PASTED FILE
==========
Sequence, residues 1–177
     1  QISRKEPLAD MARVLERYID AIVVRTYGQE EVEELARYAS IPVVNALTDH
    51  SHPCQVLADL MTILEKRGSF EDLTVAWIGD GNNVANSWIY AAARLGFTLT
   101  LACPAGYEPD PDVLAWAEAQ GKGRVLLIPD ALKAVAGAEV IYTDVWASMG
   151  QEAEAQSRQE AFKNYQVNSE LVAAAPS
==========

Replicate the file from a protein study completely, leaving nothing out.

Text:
Sequence, residues 1–177
     1  QISRKEPLAD MARVLERYID AIVVRTYGQE EVEELARYAS IPVVNALTDH
    51  SHPCQVLADL MTILEKRGSF EDLTVAWIGD GNNVANSWIY AAARLGFTLT
   101  LACPAGYEPD PDVLAWAEAQ GKGRVLLIPD ALKAVAGAEV IYTDVWASMG
   151  QEAEAQSRQE AFKNYQVNSE LVAAAPS